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Journal of Applied Electrochemistry

, Volume 13, Issue 3, pp 325–335 | Cite as

Aspects of the deposition of nickel on iron powder in a fluidized bed

  • L. Cifuentes
  • A. J. Fletcher
Papers

Abstract

An examination has been made of the effect of the composition, pH and the temperature of the solution on the deposition of nickel on iron in a fluidized bed that contained iron powder, solution and a fluidizing gas. In certain cases an electric potential was applied to electrodes contained within the bed, but otherwise the deposition process was spontaneous. Three different solutions were studied: nickel chloride, Watt's solution and nickel sulphamate. In the electroless case the highest and lowest deposition rates obtained under a specific set of experimental conditions were associated with the nickel chloride and nickel sulphamate solutions respectively. Even when an electric current was passed through the bed the spontaneous reactions dominated the process. The optimum pH was about 3.6; at other pH values the deposition of nickel was affected adversely by competitive cathodic reactions. The activation energies suggested that the deposition of nickel on iron powder was charge transfer controlled at temperatures below 60° C, but mixed diffusion and charge transfer control were operative at higher temperatures. The morphology of the coating was independent of the experimental conditions used, and always consisted of a nodular deposit giving incomplete coverage of the particles.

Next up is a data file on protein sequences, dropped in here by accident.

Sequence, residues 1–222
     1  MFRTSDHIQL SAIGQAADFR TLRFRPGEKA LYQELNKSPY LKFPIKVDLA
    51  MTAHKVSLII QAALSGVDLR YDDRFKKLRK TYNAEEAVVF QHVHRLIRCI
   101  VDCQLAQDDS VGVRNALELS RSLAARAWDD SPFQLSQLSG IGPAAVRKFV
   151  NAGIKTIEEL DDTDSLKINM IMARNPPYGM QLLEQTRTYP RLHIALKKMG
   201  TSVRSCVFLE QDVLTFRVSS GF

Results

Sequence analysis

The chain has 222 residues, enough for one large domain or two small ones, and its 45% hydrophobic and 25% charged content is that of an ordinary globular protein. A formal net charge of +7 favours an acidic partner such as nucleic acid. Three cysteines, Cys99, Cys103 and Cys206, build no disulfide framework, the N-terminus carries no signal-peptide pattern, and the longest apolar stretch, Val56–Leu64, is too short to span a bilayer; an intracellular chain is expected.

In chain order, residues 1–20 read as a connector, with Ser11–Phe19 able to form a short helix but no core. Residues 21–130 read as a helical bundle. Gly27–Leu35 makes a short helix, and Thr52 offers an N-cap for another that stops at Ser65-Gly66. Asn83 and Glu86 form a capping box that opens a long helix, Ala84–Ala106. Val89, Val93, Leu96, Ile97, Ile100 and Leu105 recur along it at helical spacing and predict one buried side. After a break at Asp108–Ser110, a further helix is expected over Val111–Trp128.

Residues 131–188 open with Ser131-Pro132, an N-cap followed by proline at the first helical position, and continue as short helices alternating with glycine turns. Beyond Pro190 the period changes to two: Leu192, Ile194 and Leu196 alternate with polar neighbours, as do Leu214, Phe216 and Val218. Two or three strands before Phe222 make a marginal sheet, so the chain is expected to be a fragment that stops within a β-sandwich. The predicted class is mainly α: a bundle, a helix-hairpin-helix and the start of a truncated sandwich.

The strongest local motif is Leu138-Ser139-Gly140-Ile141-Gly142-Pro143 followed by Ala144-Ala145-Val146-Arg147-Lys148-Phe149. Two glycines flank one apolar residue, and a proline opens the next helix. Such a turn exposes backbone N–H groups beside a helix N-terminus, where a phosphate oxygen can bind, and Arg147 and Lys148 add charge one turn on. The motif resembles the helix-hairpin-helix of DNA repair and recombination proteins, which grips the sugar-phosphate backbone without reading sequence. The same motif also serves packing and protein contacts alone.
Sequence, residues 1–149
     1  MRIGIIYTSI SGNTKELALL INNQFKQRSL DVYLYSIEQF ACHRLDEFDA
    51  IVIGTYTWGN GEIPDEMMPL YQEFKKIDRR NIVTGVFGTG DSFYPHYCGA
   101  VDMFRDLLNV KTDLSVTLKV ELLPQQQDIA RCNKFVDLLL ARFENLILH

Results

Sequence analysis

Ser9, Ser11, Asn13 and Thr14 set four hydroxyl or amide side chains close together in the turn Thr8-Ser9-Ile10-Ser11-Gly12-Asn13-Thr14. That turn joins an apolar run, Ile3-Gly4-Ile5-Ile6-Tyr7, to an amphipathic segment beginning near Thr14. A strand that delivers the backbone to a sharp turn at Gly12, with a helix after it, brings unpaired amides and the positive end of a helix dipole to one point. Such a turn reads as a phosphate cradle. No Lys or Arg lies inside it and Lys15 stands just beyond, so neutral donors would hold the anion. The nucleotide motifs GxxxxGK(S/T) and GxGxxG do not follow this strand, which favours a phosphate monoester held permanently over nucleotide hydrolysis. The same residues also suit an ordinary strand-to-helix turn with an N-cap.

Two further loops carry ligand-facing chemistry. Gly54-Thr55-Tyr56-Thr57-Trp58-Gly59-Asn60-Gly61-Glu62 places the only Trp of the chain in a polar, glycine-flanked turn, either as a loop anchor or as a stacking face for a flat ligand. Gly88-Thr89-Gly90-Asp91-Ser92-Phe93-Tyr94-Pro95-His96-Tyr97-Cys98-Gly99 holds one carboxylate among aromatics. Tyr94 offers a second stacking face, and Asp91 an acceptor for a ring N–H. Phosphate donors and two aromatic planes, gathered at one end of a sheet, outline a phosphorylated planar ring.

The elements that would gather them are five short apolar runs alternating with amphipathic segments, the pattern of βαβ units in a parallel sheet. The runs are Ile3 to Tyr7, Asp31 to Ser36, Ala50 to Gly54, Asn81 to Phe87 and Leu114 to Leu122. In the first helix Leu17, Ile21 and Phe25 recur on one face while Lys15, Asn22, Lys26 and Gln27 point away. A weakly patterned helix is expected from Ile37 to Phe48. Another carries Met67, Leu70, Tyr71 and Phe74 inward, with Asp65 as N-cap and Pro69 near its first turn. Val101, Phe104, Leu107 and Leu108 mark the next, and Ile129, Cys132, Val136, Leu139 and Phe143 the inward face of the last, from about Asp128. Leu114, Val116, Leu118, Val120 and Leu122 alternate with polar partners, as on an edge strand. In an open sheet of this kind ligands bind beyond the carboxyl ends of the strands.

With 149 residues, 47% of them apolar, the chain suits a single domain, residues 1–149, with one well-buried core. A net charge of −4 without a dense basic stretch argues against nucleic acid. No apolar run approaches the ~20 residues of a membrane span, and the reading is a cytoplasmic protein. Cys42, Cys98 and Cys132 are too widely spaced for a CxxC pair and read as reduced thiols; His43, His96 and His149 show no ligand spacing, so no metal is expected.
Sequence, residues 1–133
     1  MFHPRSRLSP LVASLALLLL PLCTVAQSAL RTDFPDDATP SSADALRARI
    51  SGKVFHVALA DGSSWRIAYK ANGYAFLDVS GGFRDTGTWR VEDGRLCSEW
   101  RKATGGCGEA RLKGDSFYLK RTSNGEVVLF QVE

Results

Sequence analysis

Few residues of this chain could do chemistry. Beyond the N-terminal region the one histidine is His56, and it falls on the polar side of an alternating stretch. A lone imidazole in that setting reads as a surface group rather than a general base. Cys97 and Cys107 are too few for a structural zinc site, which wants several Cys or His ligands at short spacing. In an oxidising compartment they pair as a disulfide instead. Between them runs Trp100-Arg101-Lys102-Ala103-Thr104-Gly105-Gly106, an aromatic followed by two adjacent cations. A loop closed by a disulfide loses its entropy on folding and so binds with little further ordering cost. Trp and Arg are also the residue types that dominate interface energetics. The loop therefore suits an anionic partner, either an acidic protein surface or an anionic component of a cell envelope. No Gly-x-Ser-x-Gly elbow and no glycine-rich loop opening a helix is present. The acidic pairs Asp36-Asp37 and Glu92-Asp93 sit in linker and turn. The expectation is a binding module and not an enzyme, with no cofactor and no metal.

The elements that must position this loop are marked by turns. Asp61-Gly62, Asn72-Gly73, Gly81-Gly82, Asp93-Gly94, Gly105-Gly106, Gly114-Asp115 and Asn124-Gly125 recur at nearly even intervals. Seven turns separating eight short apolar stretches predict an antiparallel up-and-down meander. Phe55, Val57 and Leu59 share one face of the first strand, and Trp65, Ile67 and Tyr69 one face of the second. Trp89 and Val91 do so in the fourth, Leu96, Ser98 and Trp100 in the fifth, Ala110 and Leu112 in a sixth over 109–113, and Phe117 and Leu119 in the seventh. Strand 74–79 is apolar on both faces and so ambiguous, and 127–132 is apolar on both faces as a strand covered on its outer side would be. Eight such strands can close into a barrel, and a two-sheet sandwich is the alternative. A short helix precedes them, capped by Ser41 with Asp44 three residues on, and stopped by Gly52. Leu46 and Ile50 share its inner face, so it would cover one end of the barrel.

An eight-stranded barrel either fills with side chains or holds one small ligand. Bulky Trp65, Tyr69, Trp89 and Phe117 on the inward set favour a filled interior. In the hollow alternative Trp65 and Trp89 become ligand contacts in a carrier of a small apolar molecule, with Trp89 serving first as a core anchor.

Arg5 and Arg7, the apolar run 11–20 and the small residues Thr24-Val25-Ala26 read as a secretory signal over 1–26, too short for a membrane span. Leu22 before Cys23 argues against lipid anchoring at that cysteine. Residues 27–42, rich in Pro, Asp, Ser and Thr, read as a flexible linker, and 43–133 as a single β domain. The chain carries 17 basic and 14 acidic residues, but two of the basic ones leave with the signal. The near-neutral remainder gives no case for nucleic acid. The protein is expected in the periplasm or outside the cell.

Keywords

Nickel Activation Energy Charge Transfer Iron Powder Cathodic Reaction 
These keywords were added by machine and not by the authors. This process is experimental and the keywords may be updated as the learning algorithm improves.

Nomenclature

A

area of deposition surface (m2)

c

nickel concentration in solution (kg m−3)

c0

initial nickel concentration in solution (kg m−3)

Eo

standard electrode potential (V)

k

rate constant (m s−1)

m

slope of Arrhenius plot (K)

Q

activation energy (J mol−1)

r

radius of powder particles (m)

R

gas constant (J mol−1 K−1)

T

temperature (K)

V

solution volume (m3)

A1

total surface area of powder (m2)

A2

corrected total surface area of powder (m2)

h

pit depth (m)

Mt

total mass of coated powder (kg)

N

number of particles

Np

number of pits per particle

r0

initial radius of particle (m)

r1

final (uncorrected) radius of particle (m)

r2

final corrected radius of particle (m)

rp

radius of pits (m)

VNi

volume of deposited nickel (m3)

V1

volume of deposited layer (m3)

Ni

quantity of nickel in coated powder (mass%)

ρNi

density of solid nickel (kg m−3)

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References

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Copyright information

© Chapman and Hall Ltd. 1983

Authors and Affiliations

  • L. Cifuentes
    • 1
  • A. J. Fletcher
    • 1
  1. 1.Department of MetallurgySheffield City PolytechnicSheffieldUK

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